The recording sessions with Jerry Reed in ´68 were really the first sign of positive changes after the movie years. Even though they weren´t big hits you could hear that he still had it, and wanted to make good records. Big Boss Man, Guitar Man, and US Male were great numbers and might have been hits with another timing.
Pedro Nuno wrote on April 29, 2009
I Like this song very very much. It marks Elvis resurrection to Rock Music after those forgettable movie years! Like its lyrics, its beat, the harmonica, and Elvis voice as a "bad boy". The live renditions are also nice, and my favourite is the one we have in the Memory import release "Charleston Rocks"(Atlanta, June 6 1976), with James Burton guitar licks, and not the horns, putting the beat, and making the solo in the song! An Outstanding Blues Rock Performance!
My boy, my boy wrote on April 29, 2009
This September 67 session was the beginning of the redemption that would lead to the Comeback special 9 months later !...Elvis sounds amazing !
dgirl wrote on April 29, 2009
How refreshing this was in late 67. Finally a single with some chops, although sadly out of date with musical trends at the time. But it was great to hear Elvis sinking his teeth into some 'real' material for a change and not promoting a lame movie song. I like the B side but thankfully it remained a B side otherwise it would have been another movie ballad as the A side, which we had enough of at the time.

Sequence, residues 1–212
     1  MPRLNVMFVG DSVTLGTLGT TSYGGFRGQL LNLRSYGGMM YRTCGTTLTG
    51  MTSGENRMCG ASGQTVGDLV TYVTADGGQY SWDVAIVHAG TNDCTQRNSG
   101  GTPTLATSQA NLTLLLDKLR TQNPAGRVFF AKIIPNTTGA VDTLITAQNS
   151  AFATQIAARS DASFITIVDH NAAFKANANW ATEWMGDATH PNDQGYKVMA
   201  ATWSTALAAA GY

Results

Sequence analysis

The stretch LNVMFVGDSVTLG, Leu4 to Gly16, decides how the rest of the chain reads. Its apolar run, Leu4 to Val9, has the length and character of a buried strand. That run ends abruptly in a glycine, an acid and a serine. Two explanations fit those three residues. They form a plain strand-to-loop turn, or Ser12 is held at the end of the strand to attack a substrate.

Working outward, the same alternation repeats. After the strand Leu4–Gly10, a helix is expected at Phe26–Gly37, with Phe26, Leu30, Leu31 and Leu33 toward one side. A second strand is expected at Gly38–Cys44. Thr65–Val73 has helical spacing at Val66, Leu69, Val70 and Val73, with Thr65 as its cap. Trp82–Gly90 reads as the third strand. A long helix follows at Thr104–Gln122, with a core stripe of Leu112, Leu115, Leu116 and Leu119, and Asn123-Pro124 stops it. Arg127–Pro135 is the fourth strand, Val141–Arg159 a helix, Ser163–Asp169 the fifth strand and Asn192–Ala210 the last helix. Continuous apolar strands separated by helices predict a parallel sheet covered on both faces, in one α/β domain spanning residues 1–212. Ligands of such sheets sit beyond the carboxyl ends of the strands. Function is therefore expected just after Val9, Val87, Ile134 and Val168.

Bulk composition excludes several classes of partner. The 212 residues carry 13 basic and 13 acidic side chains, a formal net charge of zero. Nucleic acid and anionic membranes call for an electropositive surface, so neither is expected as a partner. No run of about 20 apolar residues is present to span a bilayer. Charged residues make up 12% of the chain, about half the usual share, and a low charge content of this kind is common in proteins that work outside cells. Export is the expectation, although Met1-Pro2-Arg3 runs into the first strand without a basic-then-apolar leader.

theoldscudder wrote on April 29, 2009
I like this very much. A refreshing change. I remember thinking at the time it nice but not hit material.
Cruiser621 wrote on April 29, 2009
Big Boss Man, High Heel Sneakers, Down In The Alley were all rather lame songs in my opinion. On the other hand, You Don't Know Me was top notch; too bad his timing was off as to the release of this song aka wrong time, right song.
GEORGE (GK) wrote on April 29, 2009
I never cared for the original studio version. But I liked it alot in the "Comeback special". And even more so, in the mid 70s, when he performed it on stage. (It was faster and I loved the updated arragement)
Jim Hoff wrote on April 29, 2009
The man from Tupelo sounds pissed off on this recording! That suits him well, indeed! Should have made a whole concept album in this genre, but I guess E.P was too busy helping the colonel painting sparrows yellow........